# Business Mathematics MTH367 Lecture 32 Chapter 20 Optimization

Business Mathematics MTH-367 Lecture 32

Chapter 20 Optimization: Functions of Several Variables continued

Last Lecture Summary We covered section 20. 2: Partial Derivatives Started Sec. 20. 3: Optimization of Bivariate Functions • Partial Derivatives of Bivariate Functions • Interpreting Partial Derivatives • Second-Order Partrial Derivatives

Today’s Topics We will continue with Sec. 20. 3: Optimization of Bivariate Functions • Review of Relative Extrema • Distinguishing Critical Points • Test for critical points • Applications of Bivariate Optimization

Optimization of Bivariate Functions We start with the revision of the optimization of bivariate functions, which was introduced in last lecture.

Revision • A function z = f (x, y) is said to have a relative maximum at x = a and y = b if for all points (x, y) “sufficiently close” to (a, b) f (a, b) ≥ f (x, y) • A function z = f (x, y) is said to have a relative minimum at x = a and y = b if for all points (x, y) “sufficiently close” (a, b) f (a, b) ≤ f (x, y)

Revision cont’d •

Distinguishing Nature of Critical Points • Once a critical point has been identified, it is necessary to determine its nature. • Aside from relative maximum and minimum points, there is one other situation in which fx and fy both equal 0. • Which is referred to as a saddle point. • A saddle point P is a portion of a surface which has the shape of a saddle. • At point P – “where you sit on the horse” – the value of fx and fy both equal 0. • However, the function does not reach either a relative maximum or a relative minimum at P.

Test of Critical Point Given that a critical point of f is located at (x*, y*, z) where all second partial derivatives are continuous, determine the value of D (x*, y*), where

1. If D(x*, y*)>0, the critical point is a. b. A relative maximum if both fxx(x*, y*) and fyy(x*, y*) are negative. A relative minimum if both fxx(x*, y*) and fyy(x*, y*) are positive. 2. If D(x*, y*)<0, the critical point is a saddle point. 3. If D(x*, y*)=0, no conclusion.

Example Given the function determine the location and nature of all critical points.

Applications of Bivariate Optimization This section presents some applications of the optimization of bivariate functions.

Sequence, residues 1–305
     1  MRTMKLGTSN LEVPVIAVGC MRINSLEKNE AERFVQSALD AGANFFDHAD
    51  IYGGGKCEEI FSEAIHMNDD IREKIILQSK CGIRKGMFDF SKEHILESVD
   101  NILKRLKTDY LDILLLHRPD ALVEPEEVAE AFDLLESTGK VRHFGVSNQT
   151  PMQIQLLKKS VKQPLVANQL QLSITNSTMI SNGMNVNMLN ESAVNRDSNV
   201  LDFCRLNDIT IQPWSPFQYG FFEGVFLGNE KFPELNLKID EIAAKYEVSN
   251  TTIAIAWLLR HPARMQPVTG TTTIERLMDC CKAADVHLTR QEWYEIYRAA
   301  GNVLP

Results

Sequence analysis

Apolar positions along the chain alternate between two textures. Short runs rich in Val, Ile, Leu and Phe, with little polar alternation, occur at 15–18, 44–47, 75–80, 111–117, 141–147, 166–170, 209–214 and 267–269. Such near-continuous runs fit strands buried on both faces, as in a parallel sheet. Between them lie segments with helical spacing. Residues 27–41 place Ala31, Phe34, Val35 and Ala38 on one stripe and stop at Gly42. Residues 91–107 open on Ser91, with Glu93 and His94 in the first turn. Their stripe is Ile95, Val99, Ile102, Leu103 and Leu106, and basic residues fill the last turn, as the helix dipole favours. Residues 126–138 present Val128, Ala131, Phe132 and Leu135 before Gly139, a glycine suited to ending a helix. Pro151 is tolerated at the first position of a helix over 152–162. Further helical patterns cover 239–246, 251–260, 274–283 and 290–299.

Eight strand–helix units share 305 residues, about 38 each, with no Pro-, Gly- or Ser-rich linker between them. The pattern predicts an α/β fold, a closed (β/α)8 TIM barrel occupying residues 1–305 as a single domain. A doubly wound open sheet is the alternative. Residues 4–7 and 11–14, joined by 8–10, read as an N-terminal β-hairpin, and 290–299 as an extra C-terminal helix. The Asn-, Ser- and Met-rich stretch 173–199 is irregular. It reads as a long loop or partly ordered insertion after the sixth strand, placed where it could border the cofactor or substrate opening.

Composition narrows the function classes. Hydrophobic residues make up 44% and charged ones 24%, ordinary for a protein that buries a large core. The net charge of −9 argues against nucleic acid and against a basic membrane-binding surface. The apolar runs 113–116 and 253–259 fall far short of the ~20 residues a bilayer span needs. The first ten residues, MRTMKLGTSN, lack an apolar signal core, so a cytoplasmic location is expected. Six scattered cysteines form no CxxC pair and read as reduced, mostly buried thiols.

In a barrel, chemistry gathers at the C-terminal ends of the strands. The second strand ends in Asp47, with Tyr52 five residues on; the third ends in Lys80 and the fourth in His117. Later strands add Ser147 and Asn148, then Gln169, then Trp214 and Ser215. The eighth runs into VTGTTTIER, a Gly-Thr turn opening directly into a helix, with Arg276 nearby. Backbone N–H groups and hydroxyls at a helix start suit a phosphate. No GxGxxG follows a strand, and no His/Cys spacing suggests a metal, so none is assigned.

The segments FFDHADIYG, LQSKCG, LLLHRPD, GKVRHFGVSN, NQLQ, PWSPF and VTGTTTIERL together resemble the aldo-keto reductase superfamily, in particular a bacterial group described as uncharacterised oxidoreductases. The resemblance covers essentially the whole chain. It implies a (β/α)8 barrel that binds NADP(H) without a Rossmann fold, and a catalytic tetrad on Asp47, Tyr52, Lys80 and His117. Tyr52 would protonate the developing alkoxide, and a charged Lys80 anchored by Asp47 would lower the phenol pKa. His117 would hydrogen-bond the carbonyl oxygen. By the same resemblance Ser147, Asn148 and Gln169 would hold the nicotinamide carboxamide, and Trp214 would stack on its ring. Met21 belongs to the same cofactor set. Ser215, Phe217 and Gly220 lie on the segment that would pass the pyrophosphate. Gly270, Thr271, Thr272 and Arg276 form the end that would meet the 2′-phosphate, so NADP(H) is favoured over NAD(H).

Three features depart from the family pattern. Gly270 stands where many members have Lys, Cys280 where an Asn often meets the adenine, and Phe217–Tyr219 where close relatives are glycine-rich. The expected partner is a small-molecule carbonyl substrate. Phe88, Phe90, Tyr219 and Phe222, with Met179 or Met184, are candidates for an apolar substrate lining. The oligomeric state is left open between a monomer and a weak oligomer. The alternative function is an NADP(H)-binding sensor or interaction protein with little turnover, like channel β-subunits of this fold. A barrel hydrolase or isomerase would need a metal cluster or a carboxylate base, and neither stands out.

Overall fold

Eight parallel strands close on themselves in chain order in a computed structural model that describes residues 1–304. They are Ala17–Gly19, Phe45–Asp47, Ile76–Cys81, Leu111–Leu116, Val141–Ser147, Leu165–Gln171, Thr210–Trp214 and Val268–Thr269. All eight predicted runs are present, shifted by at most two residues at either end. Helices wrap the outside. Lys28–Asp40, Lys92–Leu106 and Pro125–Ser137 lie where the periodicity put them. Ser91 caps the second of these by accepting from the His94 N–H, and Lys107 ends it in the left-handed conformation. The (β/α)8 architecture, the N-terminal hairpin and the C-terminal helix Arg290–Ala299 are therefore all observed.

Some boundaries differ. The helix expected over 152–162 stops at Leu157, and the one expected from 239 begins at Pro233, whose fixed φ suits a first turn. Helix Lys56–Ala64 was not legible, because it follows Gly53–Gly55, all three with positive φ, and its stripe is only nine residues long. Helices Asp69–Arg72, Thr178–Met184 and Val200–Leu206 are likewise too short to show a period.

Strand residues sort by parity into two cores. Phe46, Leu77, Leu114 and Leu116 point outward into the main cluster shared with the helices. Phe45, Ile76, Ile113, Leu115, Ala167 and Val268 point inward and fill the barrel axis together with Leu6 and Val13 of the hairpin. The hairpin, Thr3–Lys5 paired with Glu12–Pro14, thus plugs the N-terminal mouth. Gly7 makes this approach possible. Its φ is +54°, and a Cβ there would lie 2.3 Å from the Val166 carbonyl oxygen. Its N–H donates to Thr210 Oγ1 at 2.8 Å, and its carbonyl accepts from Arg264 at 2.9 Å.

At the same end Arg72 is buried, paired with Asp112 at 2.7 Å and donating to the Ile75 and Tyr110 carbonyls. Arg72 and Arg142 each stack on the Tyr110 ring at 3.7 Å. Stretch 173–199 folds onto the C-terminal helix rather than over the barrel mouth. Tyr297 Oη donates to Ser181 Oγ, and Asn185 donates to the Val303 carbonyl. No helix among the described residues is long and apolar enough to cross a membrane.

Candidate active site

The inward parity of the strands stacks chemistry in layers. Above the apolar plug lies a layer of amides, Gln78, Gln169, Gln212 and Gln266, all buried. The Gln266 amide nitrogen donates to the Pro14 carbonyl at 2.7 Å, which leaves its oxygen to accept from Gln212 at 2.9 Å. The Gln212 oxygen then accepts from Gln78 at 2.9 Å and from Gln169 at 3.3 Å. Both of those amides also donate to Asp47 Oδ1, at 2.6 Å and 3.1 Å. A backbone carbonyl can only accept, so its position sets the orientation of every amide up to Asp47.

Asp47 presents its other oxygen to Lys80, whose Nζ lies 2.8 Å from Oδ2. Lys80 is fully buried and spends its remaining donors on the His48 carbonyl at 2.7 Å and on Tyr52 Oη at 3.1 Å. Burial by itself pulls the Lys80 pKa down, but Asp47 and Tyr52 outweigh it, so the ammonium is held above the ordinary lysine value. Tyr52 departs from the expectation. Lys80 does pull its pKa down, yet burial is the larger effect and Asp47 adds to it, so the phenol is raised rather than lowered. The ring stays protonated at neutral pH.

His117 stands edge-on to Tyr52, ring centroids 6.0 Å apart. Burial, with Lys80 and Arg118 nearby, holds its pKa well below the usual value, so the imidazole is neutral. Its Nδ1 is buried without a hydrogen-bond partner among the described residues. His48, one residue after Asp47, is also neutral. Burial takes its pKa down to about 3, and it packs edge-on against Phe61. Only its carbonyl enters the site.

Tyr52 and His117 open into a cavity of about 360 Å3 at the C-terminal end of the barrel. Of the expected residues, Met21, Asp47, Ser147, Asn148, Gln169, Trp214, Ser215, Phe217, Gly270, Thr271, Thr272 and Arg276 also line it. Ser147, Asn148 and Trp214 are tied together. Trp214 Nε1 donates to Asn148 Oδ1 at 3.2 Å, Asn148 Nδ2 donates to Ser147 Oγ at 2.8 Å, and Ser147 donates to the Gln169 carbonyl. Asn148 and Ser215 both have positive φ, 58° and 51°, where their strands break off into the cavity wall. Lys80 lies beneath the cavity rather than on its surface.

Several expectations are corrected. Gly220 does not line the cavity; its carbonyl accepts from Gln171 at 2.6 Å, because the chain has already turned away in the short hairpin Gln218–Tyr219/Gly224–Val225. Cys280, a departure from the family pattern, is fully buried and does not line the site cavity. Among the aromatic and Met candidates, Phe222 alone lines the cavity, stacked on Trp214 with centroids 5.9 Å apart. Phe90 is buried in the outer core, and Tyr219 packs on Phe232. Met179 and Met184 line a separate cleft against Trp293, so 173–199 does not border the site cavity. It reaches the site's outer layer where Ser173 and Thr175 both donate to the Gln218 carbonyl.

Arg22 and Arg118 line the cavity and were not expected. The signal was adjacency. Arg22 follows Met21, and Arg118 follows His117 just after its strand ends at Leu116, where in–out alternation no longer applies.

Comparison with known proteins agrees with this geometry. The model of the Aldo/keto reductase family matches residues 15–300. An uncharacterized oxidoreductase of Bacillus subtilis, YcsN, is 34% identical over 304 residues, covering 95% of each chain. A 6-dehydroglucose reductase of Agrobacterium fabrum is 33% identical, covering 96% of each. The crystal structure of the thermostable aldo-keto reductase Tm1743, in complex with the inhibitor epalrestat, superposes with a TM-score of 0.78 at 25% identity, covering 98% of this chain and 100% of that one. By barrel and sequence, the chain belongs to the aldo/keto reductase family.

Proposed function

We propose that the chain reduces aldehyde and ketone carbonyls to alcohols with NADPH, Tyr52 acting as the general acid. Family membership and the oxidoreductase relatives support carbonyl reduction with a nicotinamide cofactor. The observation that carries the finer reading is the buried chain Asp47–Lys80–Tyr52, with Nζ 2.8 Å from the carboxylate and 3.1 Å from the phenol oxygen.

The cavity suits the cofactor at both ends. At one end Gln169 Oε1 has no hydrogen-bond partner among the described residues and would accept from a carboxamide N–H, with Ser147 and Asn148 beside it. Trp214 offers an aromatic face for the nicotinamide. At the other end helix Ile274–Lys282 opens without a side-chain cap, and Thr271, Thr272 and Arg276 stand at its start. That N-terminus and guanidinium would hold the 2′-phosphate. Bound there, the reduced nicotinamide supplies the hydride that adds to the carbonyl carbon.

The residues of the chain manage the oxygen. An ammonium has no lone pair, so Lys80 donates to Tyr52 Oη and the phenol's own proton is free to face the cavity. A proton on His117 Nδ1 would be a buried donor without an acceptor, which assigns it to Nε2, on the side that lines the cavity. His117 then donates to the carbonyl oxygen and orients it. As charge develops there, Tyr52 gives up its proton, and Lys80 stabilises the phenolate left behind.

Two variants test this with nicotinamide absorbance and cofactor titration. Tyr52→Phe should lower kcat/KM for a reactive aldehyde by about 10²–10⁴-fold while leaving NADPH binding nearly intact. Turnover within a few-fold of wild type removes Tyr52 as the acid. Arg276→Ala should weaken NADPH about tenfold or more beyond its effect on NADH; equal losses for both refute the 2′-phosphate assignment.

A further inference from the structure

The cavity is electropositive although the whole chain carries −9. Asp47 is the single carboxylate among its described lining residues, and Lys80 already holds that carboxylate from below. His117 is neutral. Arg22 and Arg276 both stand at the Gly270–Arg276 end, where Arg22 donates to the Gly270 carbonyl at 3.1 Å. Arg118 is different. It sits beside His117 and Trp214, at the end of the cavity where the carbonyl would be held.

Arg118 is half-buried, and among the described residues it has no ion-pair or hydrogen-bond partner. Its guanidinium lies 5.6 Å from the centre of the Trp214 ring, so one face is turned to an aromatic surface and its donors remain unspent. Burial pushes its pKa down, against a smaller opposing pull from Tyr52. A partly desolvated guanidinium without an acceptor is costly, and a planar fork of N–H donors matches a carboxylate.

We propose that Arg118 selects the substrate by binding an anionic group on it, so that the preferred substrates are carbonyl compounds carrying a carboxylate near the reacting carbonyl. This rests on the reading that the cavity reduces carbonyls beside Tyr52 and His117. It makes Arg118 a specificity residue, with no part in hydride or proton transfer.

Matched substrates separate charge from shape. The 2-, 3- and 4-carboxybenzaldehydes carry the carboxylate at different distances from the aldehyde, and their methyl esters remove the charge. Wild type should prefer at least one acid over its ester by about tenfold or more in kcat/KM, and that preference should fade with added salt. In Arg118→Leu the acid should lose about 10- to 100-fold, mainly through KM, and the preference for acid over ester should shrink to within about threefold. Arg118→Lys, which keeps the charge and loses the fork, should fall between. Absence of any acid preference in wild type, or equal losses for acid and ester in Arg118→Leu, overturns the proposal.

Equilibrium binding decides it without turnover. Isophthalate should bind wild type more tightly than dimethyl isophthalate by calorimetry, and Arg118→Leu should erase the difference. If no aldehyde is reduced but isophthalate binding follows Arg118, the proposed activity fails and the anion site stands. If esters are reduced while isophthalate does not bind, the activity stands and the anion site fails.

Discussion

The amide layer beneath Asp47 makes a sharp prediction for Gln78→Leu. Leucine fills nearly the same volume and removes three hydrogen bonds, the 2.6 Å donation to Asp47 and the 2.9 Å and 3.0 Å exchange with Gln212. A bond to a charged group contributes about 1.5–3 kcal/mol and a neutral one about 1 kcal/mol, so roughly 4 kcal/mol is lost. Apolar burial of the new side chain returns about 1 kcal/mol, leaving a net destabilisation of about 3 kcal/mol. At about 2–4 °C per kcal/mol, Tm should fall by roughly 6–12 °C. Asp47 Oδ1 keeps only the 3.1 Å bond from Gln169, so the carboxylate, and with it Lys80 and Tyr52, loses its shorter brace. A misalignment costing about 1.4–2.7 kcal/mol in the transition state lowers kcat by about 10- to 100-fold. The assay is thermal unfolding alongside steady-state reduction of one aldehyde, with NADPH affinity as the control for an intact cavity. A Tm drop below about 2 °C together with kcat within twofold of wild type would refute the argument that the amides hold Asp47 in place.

Example: Advertising Expenditures • A manufacturer’s estimated annual sales (in units) is a function of the expenditures made for radio and TV advertising. • The function specifying this relationship was stated as where z equals the number of units sold each year, x equals the amount spent for TV advertising and y equals the amount spent for radio advertising (x and y both in $1, 000 s).

Determine how much money should be spent on TV and radio advertising in order to sell maximum number of units.

Example: Pricing Model • A manufacturer sells two related products, the demands for which are estimated by the following two demand functions: where pj equals the price (in dollars) of product j and qj equals the demand (in thousands of units) for product j.

• Examination of these demand functions indicates that the two products are related. • The demand for one product depends not only on the price charged for the product itself but also on the price charged for the other product. • The firm wants to determine the price it should charge for each product in order to maximize total revenue from the sale of the two products.

Solution: • This revenue-maximizing problem is exactly like the single-product problems discussed in Chap. 17. • The only difference is that there are two products and two pricing decisions to be made. • Total revenue from selling the two products is determined by the function

• This function is stated in terms of four independent variables. • As with the single-product problems, we can substitute the right side of equations

We can now proceed to examine the revenue for relative maximum points. The first partial derivatives are

Example: Satellite Clinic Location • A large health maintenance organization (HMO) is planning to locate a satellite clinic in a location which is convenient to three suburban townships. • The relative locations of which are indicated in the Figure. • The HMO wants to select a preliminary site by using the following criterion: Determine the location (x, y) which minimize the sum of the squares of the distances from each township to the satellite clinic.

• Figure

• The square of the distance separating the clinic with location (x, y) and township A located at (40, 20) is • Similarly we can the formulae for townships B and C.

Finding similar expressions for the square of the distance separating township B and the clinic and summing for the three township, we get

Review We covered section 20. 3 and section 20. 4: : Optimization of Bivariate Functions • Critical Points and their types • Relative Maximum and Minimum • Test for critical points • Applications of Bivariate Optimization Finished the material for the course of Business Mathematics MTH-367.

- Slides: 36